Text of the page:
9 Harassment? The third issue you must decide is whether defendant [employer name] should be held responsible for the harassing conduct of [name(s) of alleged harasser(s)]. 5 In other words, you must decide whether [employer name] should have to pay damages because of the harassing conduct of [name(s) of alleged harasser(s)]. Although [alleged harasser s name] is an employee of [employer name], the law provides that an employer is not automatically liable for all damages caused by 5 As set forth in the Note to the Judge at the beginning of the charge, the standards for imposing liability on the employer vary depending upon whether the alleged harasser is a supervisory or non-supervisory employee. This footnote will elaborate on the different standards. In Lehmann, the Court addressed in detail the circumstances under which an employer can be held liable for sexual harassment by a supervisor. In all cases of supervisory sexual harassment, an employer is strictly liable for equitable damages, such as back pay and front pay. 132 N.J. at 619. Employer liability for compensatory damages, such as emotional distress, is determined under common-law agency principles. Id. at Moreover, different common-law agency principles apply depending upon whether the supervisor was acting within or without the scope of his employment. If the supervisor acts within the scope of his employment, the employer is strictly liable for compensatory damages. Ibid. If the supervisor acts outside the scope of his employment (described by Lehmann as "the more common situation"), employer liability is determined according to the agency principles set forth in Section 219(2) of the Restatement (Second) of Agency. This charge assumes that the supervisor was acting outside the scope of his employment, and thus, incorporates the Section 219(2) principles. Lehmann did not address the issue of employer liability for acts of sexual harassment by a nonsupervisor. However, other decisions since Lehmann have held that an employer can be held liable for co-worker harassment when the employer knew or should have known about the alleged harassment and failed to take prompt and adequate remedial action and where the employer s failure to take effective preventive measures caused the harassment to occur. See, e.g., Blakey v. Continental Airlines, Inc., 164 N.J. 38, 62 (2000) (holding that employers do have a duty to take effective measures to stop co-employee harassment when the employer knows or has reason to know that such harassment is... taking place ); Cerdeira v. Martindale-Hubbell, 402 N.J. Super. 486, (App. Div. 2008) (holding that employer can be held liable for co-worker harassment if employer did not have effective anti-harassment policy and complaint mechanism and failure to have effective policy and complaint mechanism caused harm to plaintiff). Thus, only the "Failure to Take Remedial Action" and Negligence portion of this charge below (Sections 4a and 4c) should be charged in cases involving employer liability for co-worker harassment. Page 9 of 17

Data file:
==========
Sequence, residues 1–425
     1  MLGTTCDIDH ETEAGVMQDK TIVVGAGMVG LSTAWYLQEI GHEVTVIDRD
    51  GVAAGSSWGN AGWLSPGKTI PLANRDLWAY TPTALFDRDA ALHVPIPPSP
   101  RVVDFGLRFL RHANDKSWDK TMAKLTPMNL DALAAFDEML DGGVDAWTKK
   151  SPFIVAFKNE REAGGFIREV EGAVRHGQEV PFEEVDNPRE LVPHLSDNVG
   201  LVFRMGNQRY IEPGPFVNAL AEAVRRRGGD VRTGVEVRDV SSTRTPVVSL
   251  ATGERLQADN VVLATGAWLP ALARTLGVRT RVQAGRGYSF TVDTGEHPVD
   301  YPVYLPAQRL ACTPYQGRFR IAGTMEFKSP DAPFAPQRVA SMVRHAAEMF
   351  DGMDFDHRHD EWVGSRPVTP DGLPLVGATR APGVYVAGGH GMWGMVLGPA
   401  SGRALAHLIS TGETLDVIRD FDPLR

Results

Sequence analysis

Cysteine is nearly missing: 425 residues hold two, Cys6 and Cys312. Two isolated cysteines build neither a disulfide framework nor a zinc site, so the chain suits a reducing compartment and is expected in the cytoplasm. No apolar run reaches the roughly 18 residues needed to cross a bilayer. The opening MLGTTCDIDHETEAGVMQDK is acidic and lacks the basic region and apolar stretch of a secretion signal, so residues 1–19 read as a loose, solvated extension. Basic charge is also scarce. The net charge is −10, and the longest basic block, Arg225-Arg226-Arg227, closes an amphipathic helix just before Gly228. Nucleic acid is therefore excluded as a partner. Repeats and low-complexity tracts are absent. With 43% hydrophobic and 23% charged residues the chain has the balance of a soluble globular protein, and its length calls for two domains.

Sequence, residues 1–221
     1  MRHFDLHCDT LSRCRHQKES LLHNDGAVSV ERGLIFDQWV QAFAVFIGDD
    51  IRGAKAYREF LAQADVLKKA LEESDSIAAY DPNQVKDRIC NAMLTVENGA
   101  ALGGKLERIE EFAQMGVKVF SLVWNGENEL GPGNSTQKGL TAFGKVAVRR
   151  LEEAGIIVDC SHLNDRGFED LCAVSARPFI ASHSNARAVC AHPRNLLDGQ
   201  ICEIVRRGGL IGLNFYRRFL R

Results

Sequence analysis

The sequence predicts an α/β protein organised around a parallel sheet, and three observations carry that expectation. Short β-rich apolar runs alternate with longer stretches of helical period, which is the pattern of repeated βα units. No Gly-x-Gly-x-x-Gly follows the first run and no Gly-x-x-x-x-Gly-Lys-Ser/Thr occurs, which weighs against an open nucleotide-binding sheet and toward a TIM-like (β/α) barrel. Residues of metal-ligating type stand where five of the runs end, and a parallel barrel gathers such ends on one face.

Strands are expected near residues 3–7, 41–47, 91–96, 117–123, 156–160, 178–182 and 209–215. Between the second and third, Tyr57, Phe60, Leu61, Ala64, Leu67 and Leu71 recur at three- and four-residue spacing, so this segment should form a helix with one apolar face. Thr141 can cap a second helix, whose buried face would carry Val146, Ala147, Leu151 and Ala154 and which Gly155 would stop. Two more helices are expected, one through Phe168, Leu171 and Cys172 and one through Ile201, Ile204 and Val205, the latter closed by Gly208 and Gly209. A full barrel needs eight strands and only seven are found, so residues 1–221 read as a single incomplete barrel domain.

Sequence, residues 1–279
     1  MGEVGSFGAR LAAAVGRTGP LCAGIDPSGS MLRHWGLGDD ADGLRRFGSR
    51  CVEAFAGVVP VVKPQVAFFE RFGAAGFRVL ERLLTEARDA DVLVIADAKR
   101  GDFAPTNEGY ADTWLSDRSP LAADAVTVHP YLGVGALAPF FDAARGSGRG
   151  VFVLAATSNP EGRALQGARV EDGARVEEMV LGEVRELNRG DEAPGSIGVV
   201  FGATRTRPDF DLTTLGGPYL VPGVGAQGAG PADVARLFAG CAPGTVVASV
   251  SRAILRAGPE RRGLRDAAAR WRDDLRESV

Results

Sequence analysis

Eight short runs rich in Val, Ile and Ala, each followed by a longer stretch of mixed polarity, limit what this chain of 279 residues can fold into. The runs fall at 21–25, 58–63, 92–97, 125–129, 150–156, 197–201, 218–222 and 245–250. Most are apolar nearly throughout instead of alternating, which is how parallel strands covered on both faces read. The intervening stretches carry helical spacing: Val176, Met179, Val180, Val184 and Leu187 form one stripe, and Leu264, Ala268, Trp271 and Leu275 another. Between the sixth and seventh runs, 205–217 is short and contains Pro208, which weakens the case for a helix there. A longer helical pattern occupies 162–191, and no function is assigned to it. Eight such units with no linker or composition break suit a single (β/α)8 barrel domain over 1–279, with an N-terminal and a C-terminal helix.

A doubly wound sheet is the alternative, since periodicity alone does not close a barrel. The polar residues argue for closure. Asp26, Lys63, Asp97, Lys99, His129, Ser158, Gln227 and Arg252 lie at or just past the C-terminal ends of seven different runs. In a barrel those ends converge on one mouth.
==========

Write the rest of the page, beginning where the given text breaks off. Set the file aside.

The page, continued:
10 an employee who engages in unlawful harassment. More specifically, although an employer will always be liable for economic damages, such as wage loss, an employer is not automatically liable for emotional distress damages caused by an employee who engages in unlawful harassment. To impose liability on defendant [employer name] for any emotional distress plaintiff has suffered, plaintiff must prove at least one of the following theories for employer liability by a preponderance of the evidence: The following sentence should be charged in all cases, regardless of whether the alleged harasser is a supervisor or a co-worker. First, plaintiff must prove that the employer knew or should have known of the harassment and failed to take effective remedial measures to stop it. The following sentence should be charged only in cases where the alleged harasser is a supervisor. Or second, plaintiff must prove that defendant [employer name] delegated to [name(s) of alleged harassing supervisor(s)] the authority to control the working environment and [name(s) of alleged harassing supervisor(s)] abused that authority to create a hostile work environment. The following sentence should be charged in all cases, regardless of whether the alleged harasser is a supervisor or a co-worker. Or third, plaintiff must prove that defendant [employer name] was negligent Page 10 of 17